2. Holds scissors correctly                                                                      Yes            Not Yet

3. Holds a pencil or crayon properly                                                     Yes            Not Yet

Gross Motor Skills

1. Runs, jumps and skips                                                                       Yes            Not Yet

2. Walks backward                                                                                  Yes            Not Yet

3. Walks up and down stairs                                                                Yes            Not Yet

Social Skills

1. Uses words instead of being physical when angry                      Yes            Not Yet

2. Speaks clearly so an adult can understand him/her                  Yes            Not Yet

3. Plays with other children                                                                 Yes            Not Yet

4. Follows simple directions                                                                Yes            Not Yet

5. Expresses feelings and needs                                                          Yes            Not Yet

6. Goes to the bathroom by him/herself                                           Yes            Not Yet

7. Waits his/her turn and shares                                                        Yes            Not Yet

8. Talks in sentences                                                                             Yes            Not Yet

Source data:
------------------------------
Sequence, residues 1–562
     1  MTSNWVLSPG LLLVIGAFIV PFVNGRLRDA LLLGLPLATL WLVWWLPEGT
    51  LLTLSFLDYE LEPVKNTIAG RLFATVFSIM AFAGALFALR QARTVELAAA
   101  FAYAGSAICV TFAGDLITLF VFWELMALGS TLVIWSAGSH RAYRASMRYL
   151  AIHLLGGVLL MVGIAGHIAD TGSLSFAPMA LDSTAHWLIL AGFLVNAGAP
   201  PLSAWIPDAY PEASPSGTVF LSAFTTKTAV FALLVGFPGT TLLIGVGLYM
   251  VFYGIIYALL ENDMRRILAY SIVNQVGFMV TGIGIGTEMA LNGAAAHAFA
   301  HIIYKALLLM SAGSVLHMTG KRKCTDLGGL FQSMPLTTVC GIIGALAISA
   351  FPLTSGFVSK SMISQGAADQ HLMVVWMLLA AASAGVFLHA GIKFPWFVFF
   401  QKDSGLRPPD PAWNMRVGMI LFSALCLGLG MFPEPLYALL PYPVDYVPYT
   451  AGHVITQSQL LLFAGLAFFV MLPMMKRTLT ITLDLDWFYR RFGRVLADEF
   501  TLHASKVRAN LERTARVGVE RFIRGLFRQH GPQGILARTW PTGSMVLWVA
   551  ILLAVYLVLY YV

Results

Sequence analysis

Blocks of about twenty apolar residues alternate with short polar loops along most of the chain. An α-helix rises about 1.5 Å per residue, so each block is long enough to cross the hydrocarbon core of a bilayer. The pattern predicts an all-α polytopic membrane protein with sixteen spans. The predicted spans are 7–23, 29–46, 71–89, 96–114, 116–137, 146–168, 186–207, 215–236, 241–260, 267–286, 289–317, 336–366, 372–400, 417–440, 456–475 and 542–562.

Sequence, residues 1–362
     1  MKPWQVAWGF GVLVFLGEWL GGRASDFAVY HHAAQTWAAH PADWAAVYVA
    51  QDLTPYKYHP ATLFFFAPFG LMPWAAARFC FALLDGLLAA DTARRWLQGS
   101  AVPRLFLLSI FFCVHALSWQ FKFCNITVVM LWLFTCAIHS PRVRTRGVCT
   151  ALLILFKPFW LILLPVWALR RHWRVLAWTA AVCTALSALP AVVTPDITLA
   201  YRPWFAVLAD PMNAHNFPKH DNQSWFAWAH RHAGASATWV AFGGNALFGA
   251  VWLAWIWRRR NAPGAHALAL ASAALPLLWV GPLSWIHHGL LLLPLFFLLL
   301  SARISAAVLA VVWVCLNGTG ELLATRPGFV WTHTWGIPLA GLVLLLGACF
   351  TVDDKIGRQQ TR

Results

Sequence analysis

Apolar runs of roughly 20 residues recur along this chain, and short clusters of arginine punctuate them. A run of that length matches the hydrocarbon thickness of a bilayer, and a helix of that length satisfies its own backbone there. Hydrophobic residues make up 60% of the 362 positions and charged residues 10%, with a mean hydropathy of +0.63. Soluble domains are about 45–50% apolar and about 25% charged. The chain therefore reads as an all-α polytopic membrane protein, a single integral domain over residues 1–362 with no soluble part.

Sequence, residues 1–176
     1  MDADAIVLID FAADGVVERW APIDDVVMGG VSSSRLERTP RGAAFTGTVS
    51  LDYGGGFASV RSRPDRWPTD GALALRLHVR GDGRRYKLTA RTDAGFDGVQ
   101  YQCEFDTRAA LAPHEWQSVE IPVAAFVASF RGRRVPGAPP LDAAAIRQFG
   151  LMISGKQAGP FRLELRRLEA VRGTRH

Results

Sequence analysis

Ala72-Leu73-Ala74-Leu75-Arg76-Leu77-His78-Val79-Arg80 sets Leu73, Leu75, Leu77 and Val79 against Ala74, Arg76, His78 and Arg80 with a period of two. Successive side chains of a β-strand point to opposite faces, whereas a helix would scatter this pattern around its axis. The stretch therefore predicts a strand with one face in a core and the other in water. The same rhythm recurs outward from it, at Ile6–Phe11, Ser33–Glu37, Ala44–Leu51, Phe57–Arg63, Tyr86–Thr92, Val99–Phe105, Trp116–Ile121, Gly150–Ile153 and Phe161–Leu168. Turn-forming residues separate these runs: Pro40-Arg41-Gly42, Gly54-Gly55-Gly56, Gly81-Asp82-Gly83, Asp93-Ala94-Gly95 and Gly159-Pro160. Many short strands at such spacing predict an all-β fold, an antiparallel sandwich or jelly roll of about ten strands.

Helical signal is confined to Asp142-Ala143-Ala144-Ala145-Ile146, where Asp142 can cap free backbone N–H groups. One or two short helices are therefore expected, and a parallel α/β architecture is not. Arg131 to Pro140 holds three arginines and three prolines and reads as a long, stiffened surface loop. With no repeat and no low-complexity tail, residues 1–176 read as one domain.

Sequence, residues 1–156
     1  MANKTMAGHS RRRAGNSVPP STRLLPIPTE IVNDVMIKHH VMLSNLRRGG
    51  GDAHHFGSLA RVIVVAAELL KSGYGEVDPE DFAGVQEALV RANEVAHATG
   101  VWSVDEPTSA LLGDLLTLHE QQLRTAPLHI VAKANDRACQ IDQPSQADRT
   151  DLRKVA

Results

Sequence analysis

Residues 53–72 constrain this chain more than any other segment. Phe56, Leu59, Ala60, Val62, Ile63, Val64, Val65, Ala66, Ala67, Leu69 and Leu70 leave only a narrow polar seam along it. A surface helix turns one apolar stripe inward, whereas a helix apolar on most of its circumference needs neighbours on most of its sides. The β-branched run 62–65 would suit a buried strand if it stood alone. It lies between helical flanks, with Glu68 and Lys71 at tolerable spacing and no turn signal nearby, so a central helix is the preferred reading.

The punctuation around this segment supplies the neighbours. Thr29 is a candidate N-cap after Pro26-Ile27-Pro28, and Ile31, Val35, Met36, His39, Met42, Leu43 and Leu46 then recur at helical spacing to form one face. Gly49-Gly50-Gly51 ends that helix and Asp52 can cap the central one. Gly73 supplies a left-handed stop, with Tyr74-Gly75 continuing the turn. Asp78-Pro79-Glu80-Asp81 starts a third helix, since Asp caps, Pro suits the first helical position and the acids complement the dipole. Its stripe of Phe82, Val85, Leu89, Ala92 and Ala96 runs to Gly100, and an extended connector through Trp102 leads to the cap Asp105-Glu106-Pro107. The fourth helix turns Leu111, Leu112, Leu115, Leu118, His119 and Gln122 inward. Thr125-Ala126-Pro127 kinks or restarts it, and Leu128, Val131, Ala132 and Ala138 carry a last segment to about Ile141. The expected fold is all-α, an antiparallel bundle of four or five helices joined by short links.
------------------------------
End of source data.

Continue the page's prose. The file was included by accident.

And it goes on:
9. Asks questions about things around him/her                             Yes            Not Yet

10. Enjoys having books read to him/her                                         Yes            Not Yet

11. Can tell a story about a past event                                                Yes            Not Yet

12. Says “please” and “thank you”                                                      Yes            Not Yet

13. Can spend extended periods away from Mom and Dad          Yes            Not Yet

Academic Skills

1. Recognizes shapes (square, circle, triangle, rectangle)              Yes            Not Yet

2. Can sort items by color, shape and size                                        Yes            Not Yet

3. Can identify six parts of his/her body                                           Yes            Not Yet

4. Understands concept words: up, down, in, out, behind           Yes            Not Yet

5. Counts from 1 to 10                                                                          Yes            Not Yet

6. Recognizes five colors                                                                     Yes            Not Yet

7. Tries to write his/her name                                                            Yes            Not Yet

8. Recognizes his/her written name                                                 Yes            Not Yet

Personal Information

1. Knows his/her full name                                                                Yes            Not Yet

2. Knows how old he/she is                                                               Yes            Not Yet

3. Knows his/her address and telephone number                         Yes            Not Yet

4. Knows his/her mother and father’s first names                        Yes            Not Yet